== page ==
Uncertain fate for Penang’s magnificent colonial mansions

Say “Penang heritage” and most of us will think of George Town’s shophouses and Chinese mansions (such as the well known Blue Mansion). But there is more: up to the 1950’s, a number of imposing colonial houses, “castle-mansions” and bungalows have sprouted around the old town.

Some of these buildings housed the top ranks of the colonial staff or offices, others were built for banks or local tycoons who had accumulated wealth as a result of George Town’s vibrant trading activities. Some of these houses look pretty extravagant… the aim was to show power and status.

In his recent talk to Sarawak Heritage Society and PAM (Malaysian Institute of Architects, Sarawak chapter) members, architect and historian Jon Lim gave a passionate account on the architectural qualities of these buildings, on the evolving architectural patterns and on the imprints of successive British prominent architects. The talk was based on Dr. Lim’s recently published book, The Penang House and the Straits Architect, 1887-1943 [*]. Dr. Lim elaborated on the diverse skills showed by these colonial architects in adapting traditional western architecture (or the architecture they had delivered in colonial India) to the local hot and humid environment.

Some of these buildings have been destroyed over the years. The most iconic of the remaining ones is probably the neo-classical Soonstead mansion, located on Jalan Sultan Ahmad Shah (formerly Northam Road). This mansion was built in 1911 for millionaire planter Heah Swee Lee. It is pictured on the cover page of Pr. Lim’s book.

Soonstead emulated pre-existing castle-mansions built for other Penang tycoons. And Penang has a later mansion strikingly inspired by the architecture of the romantic-eccentric architecture of Soonstead : Northam Lodge: there were fashionable styles longed for by the local millionaires…

Most of these houses are not formally listed as heritage sites and the existing guidelines on heritage management do not protect them.

The Soonstead saga : still on

For over a year now, Soonstead mansion has been in the news: its owner has a project to build a 13-storey block right on the property, which would create a major negative visual impact on the setting of the mansion and on the whole Jalan Sultan Ahmad Shah. The project caused outrage among Penang’s heritage conservation advocates. With reason: this mansion is one of the few colonial homes on Penang’s ‘Millionaire’s Row’ still standing within its original grounds.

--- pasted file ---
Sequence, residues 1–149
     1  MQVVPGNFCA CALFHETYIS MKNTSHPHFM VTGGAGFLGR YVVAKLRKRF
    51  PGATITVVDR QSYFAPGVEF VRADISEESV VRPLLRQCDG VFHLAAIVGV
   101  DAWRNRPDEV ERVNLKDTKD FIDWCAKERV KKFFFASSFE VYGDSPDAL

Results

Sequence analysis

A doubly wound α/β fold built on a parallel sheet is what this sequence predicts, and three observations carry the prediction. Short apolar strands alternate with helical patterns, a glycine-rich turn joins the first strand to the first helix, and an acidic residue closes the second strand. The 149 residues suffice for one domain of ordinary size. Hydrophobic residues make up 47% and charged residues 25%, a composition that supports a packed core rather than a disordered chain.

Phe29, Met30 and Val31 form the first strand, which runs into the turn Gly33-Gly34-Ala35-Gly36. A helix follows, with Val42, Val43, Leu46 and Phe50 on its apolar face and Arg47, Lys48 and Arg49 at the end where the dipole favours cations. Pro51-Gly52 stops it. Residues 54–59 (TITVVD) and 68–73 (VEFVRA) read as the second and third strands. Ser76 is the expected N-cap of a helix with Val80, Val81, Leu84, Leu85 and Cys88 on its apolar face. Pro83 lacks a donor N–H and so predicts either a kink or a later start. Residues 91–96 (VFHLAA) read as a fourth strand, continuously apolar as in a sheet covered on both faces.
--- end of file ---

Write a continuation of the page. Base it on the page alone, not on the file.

In late 2014, after a “Save Soonstead” petition launched by the Penang Heritage Trust (PHT, an NGO) garnered 3,991 signatures, the building seemed to have been saved from demolition : the project promoters “decided to withdraw their current planning application and amend their design so as not to destroy or demolish any part of this heritage building” (PHT, 5 Sept 2014).

In early June 2015, the media reported that the building has been included in the draft update of Penang’s heritage building inventory, for which GTWHI (Penang State arm George Town World Heritage Incorporated) has mobilized consultants. The inventory involves over 2500 buildings.

On 17 June, a Penang City Council executive confirmed that discussions on the project are still underway, content of which has not been fully revealed to the public. It is understood that the mansion could become the lobby of the 13 story hotel block with 3 floors of parking lot to be built just behind it, between the mansion and the seafront. This would mean that even if the mansion itself and its annex were to be preserved, their setting would definitely be lost. Good heritage management practice – which calls, as much as possible, to preserve the ‘breathing space’ around heritage sites – would still be jeopardised.

[*] Jon Lim’s richly documented and beautifully illustrated book The Penang House (2015) can be purchased from at Areca books (Penang), which has a webstore.

This article first appeared in Sarawak Heritage Society on 20 June 2015.